A romantic poet, William Wordsworth examines the relationship between the individual and nature. In the poem "Nutting," Wordsworth focuses on the role that innocence plays in this relationship as he describes a scene that leads to his own coming of age. Unlike many of his other poems, which reveal the ability to experience and access nature in an innocent state, "Nutting" depicts Wordsworth's inability as a young boy to fully appreciate nature, causing him to destroy it. Addressing a young girl, most likely his sister, he writes to poem as a warning of what happens within oneself when one does not fully appreciate nature. In his youth, the speaker is too excited by duty and too tempted by the wealth that nature holds to control his desire to destroy it. His defilement of nature's innocence, however, immediately disturbs him, causing him to question the value of material wealth and to realize the importance of nature, something that the speaker in the present now recognizes and shows in his interjections throughout the poem.
Told to collect hazelnuts in the forest by the woman he works for, the young speaker enthusiastically sets out to fulfill his duty. Revealing the child's innocence, the speaker says he leaves his house "in the eagerness of boyish hope sallying forth" (4-5). The word "eagerness" reveals his excitement for the approaching task, while the phrase "boyish hope" emphasizes his young age and the purity of his "eagerness." "Sallying" adds an element of lightheartedness to the youthful image. Yet the boy does not embark on some random excursion, but leaves "with a huge wallet o'er my shoulder slung, a nutting-crook in hand" (6-7). The youth goes to collect haz...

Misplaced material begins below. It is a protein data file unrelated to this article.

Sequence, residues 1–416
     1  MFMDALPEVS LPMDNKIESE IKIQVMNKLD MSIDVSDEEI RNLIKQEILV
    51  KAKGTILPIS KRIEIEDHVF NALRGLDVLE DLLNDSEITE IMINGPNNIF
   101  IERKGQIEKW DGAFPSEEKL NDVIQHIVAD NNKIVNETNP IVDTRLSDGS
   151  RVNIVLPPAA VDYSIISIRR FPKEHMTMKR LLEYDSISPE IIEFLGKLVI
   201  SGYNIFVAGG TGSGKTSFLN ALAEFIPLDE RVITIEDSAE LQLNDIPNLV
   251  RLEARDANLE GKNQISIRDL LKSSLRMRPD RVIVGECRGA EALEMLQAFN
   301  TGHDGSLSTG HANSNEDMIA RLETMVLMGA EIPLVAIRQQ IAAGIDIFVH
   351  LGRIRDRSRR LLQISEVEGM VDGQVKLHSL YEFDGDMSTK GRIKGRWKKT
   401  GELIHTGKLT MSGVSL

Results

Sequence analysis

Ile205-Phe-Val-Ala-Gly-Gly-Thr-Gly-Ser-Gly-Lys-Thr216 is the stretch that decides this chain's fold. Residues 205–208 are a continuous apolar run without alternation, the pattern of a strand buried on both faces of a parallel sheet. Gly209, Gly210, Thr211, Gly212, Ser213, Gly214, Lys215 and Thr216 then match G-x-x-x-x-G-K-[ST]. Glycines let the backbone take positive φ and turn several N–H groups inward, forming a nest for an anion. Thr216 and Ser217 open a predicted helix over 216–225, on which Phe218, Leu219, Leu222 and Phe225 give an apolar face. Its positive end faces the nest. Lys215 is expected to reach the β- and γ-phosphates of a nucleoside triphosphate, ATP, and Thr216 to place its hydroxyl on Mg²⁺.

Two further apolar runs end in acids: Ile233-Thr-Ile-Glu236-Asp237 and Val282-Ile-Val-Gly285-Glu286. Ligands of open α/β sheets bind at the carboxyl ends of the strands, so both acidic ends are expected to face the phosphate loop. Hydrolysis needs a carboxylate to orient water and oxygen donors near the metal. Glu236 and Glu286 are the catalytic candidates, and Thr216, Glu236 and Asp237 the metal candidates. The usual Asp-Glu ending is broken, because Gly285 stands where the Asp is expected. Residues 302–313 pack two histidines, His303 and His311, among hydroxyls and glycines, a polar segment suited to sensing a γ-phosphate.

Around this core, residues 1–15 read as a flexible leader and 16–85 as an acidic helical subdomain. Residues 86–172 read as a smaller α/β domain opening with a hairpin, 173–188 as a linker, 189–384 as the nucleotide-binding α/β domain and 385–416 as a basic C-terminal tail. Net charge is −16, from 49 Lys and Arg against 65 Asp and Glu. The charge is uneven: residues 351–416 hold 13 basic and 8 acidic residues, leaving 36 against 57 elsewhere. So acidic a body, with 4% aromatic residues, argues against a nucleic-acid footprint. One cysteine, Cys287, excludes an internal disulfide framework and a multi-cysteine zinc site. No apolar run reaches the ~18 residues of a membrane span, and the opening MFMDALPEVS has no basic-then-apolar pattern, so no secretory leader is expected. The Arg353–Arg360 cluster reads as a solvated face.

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... a boy when he could control his sexual urges. This violent description of a boy's first sexual encounter is both intriguing and disturbing. Yet, at the same time, the poem seems to speak to the higher theme of industrialization. As a boy, fascinated by the prospect of wealth and fame, the speaker destroys the nature around him to harvest its treasures, just as society does. However, this cannot satisfy the boy, and he realizes the importance of nature that money can never replace. The violent, sexual imagery intensifies and emphasizes the horror of the act committed by the boy. Although society feels no guilt in its actions of demolition, the speaker uses the poem to chastise people for their disregard for nature. These two different readings of the poem offer two completely diverse tones, but which both depict a violent corruption and defilement of innocence.
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